“What’s your major? What are you majoring in? What are you studying?”

If you haven’t already gotten tired of that question in its many forms, you will. Who is actually pretending to know the answer? Many of us know what it’s like to scramble for a response to this question. Do we bluff and recite the well-rehearsed monologue on how exactly our major is going to apply to our future? Or, do we admit that we are lost in the search for our focus? The latter can be especially hard to do when you are talking to someone who has planned their graduate school, career path and retirement party.

Trinity endorses discovery, something I didn’t fully appreciate as a first-year. The freedom to sample a variety of disciplines is a luxury. During my time here, I have studied the history of cities in an urban studies class, calculated optics equations in a physics class and crafted a ring in a metalworking studio class. This is part of the core curriculum at Trinity — diversity and discovery. It is something we can be proud of, instead of hiding in fear of judgement and comparison. No cat ever did die from curiosity.

For my readers interested in taking a bajillion classes, as I was, consider auditing a class or taking one pass/fail. You can select one class a semester that is not related to your major or minor and that will not count towards your common core to take purely for credit — just ask about it at the registrar’s office. Yes, technically it is more credit hours, but it can’t hurt your GPA — and you only need a 70 or higher to get a “P” for passing. I wish I had known this as a first-year, as surely I would have felt a lot less pressure taking a heavier courseload.

It’s also never too early to reach out to Career Services for some simple personality tests, career interest quizzes and more. I know I was knocking down the door to the office of Katie Ramirez, the assistant director of Career Services, during the first semester of college so she could give me the StrengthsFinder assessment, which they recommend to hold off on until your second semester. But, if you are like me and dying to know more about where you might fit, a little persistence can go a long way.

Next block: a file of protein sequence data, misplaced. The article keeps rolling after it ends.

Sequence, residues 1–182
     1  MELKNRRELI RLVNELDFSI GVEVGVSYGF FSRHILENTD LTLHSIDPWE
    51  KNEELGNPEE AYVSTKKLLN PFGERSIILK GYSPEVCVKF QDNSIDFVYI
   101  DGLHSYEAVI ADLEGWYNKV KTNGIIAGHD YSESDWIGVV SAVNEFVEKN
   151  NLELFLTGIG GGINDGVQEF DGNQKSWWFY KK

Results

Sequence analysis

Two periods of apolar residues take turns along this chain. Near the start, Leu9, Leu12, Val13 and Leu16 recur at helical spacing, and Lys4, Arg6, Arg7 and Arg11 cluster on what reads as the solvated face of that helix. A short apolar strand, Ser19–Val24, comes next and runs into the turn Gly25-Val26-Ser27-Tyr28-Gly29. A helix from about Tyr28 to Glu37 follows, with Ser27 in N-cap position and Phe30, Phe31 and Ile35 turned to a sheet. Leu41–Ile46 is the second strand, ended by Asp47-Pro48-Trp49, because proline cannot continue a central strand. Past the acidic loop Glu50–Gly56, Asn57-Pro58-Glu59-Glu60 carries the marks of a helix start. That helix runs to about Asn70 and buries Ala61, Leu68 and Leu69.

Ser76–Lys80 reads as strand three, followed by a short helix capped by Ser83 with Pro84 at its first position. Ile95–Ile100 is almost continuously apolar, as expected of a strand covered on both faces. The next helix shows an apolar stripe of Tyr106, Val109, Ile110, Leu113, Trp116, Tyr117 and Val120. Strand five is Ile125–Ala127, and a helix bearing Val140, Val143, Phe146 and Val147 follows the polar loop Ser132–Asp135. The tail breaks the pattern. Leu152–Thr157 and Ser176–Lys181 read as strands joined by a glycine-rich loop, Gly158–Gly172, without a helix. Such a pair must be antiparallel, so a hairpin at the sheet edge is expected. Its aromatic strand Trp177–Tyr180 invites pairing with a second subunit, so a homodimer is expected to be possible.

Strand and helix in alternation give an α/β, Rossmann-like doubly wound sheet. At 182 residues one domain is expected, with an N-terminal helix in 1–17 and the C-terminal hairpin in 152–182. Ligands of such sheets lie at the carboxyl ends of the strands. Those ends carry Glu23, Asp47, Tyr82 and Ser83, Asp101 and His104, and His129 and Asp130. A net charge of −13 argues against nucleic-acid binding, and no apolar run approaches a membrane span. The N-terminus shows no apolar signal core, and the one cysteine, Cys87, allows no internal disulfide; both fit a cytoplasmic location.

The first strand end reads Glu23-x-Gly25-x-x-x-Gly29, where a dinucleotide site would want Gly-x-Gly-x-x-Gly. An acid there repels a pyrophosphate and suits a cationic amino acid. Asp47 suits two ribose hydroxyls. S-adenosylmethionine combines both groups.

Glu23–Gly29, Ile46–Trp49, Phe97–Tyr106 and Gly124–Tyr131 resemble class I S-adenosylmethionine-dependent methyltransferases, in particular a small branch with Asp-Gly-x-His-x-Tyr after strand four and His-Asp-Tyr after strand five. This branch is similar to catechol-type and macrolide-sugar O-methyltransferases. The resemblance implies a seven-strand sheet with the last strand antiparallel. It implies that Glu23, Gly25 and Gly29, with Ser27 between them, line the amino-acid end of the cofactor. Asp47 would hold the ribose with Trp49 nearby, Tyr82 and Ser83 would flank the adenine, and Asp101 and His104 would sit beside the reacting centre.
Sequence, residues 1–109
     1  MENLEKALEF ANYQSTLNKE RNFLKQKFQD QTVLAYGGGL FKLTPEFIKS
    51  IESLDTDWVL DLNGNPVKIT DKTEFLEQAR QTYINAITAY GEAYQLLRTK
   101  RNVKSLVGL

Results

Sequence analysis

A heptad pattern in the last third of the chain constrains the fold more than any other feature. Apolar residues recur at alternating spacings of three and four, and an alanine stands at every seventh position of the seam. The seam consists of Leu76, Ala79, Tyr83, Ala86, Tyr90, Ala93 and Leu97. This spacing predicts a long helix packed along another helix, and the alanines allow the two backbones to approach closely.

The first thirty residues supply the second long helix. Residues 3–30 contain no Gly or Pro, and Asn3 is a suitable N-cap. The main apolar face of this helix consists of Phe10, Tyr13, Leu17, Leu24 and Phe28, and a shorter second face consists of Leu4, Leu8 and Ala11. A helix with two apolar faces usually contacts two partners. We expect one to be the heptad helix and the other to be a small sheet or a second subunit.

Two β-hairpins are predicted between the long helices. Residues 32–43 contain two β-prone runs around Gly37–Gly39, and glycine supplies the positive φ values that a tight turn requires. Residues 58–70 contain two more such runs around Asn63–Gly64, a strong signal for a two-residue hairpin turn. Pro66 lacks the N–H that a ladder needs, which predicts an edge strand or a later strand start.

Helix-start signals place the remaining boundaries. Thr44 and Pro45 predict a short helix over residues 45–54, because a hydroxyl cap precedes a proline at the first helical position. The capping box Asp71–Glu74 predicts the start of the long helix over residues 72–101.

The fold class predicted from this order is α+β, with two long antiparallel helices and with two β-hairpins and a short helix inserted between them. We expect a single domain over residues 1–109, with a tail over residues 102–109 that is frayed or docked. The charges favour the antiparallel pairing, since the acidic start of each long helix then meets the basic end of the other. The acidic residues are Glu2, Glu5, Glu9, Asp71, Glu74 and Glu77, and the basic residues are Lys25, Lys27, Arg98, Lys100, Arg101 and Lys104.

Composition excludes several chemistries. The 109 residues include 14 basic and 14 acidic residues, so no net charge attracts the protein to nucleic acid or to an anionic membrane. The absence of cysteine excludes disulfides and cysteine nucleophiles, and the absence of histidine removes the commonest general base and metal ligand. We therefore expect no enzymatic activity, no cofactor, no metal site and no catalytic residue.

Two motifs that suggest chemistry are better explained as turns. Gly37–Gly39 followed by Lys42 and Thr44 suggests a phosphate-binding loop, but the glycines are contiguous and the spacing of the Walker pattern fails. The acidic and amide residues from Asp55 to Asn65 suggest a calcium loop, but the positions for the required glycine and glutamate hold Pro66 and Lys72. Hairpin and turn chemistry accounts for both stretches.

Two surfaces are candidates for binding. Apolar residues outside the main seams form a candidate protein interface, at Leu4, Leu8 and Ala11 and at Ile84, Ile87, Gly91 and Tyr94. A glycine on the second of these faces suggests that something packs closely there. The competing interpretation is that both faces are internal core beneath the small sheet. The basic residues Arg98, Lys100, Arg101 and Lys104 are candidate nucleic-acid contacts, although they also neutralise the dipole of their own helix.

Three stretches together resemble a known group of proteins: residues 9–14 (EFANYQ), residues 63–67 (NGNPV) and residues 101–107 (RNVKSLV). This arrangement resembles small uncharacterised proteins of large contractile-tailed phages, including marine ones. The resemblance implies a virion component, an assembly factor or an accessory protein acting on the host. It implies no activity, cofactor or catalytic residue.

Finally, as we all would like to graduate in four years, seriously evaluate the added value of attaining a triple major and quadruple minor. Is it worth it if you can’t dabble in exciting classes? Ask around with alumni, advisors and mentors to discover the importance of your major; many of them will tell you that it is largely irrelevant (apart from certain, highly technical vocations). Instead, consider an interdisciplinary second major. That’s the fancy name for “create a major,” where Trinity students can cherry pick a course load for approval as a legitimate path of study.

To conclude, a philosophical note: we don’t have to have it all figured out. With the right outlook, uncertainty can be exhilarating. Get comfortable with being uncomfortable about the future and plan just as far as you can see. As said by Hector Barbossa, “For certain you have to be lost to find something that cannot be found.” Let’s get lost in the search to find ourselves.